Friday, December 15, 2017

Vox Popoli: Never trust the moderates

They will sell out you and their previously professed principles in favor of their new friends on the other side in a heartbeat, as the True Finns learned the hard way.

The Finns Party, formerly called “True Finns”, rose from obscurity during the euro zone debt crisis with an anti-EU platform, complicating the bloc’s bailout talks with troubled states. It expanded into the second-biggest parliamentary party in 2015 and joined the government, but then saw its support drop due to compromises in the three-party coalition.

This June, the party picked a new hard-line leadership and got kicked out of the government, while more than half of its lawmakers left the party and formed a new group to keep their government seats.

Huhtasaari, 38, who was picked as deputy party leader in June, said voters were still confused after the split-up but that the party would eventually bounce back.

“The game is really brutal. The biggest parties want us to disappear from the political map. No one is in politics looking for friends.”

The Finns party ranks fifth in polls with a support of 9 percent, down from 17.7 percent in 2015 parliamentary election, while the new “Blue Reform” group, which has five ministers, is backed by only 1-2 percent.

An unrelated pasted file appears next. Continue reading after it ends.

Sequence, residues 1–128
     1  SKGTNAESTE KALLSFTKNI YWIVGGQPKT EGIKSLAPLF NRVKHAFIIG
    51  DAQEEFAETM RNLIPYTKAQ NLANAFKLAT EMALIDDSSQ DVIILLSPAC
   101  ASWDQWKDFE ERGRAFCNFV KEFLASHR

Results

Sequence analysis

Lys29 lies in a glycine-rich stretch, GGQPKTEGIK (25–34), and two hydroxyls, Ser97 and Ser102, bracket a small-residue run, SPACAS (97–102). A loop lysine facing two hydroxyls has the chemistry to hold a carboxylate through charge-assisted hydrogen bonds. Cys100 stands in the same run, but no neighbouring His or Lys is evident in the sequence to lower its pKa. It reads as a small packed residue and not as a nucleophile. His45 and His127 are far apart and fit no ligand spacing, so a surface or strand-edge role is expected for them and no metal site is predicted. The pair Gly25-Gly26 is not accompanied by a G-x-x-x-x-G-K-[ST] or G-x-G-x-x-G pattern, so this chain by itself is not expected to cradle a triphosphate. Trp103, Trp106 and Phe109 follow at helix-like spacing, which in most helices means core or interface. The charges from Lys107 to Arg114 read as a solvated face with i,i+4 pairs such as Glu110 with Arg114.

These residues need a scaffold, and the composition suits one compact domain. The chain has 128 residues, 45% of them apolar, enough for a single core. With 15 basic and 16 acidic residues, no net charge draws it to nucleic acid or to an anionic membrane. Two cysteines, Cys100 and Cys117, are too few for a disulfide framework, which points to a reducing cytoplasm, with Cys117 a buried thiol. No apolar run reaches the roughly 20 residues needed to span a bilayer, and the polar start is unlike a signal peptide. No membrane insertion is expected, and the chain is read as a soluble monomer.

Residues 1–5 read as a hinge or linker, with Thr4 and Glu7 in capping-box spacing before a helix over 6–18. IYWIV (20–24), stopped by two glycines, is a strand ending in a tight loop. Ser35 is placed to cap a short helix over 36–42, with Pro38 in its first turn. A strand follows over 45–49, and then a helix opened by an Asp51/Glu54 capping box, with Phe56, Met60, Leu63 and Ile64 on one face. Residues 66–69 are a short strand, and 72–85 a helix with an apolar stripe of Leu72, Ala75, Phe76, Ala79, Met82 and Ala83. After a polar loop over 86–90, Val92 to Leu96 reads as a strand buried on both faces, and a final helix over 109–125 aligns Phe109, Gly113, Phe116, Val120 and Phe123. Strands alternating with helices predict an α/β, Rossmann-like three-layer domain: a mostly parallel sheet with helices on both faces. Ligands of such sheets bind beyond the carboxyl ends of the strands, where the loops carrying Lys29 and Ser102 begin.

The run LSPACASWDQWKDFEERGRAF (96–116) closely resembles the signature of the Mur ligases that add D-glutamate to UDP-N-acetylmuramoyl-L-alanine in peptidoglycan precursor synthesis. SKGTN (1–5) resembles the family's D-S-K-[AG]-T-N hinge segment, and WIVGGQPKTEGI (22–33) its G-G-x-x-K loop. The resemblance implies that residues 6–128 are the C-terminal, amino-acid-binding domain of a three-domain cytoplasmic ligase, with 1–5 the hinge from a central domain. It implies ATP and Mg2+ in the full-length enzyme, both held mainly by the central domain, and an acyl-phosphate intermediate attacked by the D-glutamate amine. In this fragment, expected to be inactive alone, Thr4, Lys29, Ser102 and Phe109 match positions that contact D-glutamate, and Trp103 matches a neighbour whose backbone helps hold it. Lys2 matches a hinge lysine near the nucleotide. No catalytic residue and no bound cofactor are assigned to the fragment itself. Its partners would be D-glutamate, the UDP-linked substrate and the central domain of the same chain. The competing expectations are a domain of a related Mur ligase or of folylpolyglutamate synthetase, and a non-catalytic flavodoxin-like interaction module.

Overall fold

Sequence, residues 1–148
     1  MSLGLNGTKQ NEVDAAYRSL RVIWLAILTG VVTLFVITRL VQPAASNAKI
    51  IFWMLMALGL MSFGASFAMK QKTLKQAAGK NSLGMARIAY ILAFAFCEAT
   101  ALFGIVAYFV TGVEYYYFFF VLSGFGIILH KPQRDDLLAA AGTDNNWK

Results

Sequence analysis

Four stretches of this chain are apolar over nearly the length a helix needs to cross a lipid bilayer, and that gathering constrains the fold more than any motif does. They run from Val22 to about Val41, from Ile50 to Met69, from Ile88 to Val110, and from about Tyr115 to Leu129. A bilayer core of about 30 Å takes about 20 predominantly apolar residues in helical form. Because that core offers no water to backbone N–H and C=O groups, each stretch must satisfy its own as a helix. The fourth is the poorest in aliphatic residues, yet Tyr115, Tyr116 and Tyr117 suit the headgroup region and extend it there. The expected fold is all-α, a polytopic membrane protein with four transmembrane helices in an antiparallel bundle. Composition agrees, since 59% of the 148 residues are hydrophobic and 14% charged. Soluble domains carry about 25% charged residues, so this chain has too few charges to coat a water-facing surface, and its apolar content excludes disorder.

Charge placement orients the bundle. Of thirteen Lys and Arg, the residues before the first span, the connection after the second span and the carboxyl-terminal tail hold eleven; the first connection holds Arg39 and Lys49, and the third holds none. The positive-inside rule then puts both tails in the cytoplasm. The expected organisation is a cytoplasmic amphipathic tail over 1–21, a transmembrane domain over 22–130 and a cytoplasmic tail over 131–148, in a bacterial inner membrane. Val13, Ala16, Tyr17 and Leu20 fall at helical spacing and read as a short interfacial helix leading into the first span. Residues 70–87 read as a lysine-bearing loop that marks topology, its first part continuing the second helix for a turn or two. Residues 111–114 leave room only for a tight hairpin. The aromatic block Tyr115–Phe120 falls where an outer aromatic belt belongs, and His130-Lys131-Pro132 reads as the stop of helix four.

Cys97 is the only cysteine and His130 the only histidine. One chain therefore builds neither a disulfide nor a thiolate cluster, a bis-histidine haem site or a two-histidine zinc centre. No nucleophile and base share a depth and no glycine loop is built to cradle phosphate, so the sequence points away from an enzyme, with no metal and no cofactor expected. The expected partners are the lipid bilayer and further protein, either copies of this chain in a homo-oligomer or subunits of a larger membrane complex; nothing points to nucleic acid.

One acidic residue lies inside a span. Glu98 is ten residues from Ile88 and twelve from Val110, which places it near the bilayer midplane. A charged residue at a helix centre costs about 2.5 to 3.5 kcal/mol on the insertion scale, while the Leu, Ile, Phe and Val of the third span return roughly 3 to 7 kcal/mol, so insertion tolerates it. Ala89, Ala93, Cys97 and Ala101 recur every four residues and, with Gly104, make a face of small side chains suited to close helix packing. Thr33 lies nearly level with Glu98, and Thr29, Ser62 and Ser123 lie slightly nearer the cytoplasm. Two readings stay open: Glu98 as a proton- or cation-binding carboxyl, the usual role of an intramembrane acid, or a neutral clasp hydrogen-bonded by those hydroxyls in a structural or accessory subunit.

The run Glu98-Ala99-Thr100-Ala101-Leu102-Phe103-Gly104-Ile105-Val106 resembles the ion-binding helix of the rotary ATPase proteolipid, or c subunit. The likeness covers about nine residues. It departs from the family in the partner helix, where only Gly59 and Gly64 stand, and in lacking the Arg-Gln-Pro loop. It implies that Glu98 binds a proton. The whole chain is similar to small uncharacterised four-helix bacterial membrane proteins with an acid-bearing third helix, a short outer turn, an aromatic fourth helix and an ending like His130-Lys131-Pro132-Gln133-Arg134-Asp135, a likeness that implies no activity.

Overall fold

This is why moderates can only be permitted in support positions and should never be allowed in positions of leadership, policy-making, or personnel. They love to talk about principles for the reason that they don't actually have any, and use these nonexistent principles as an excuse to break promises and commit betrayals whenever it suits them.

It's not necessary, and it's not possible, to spurn them entirely. There are enough of them that they have to be accepted. And this is fine, this is not a problem, so long as they are not allowed into any positions of power or influence despite their best efforts.

That being said, it won't be surprising if the True Finns end up outperforming their 2015 results, while their short-sighted sell-outs vanish from the political scene.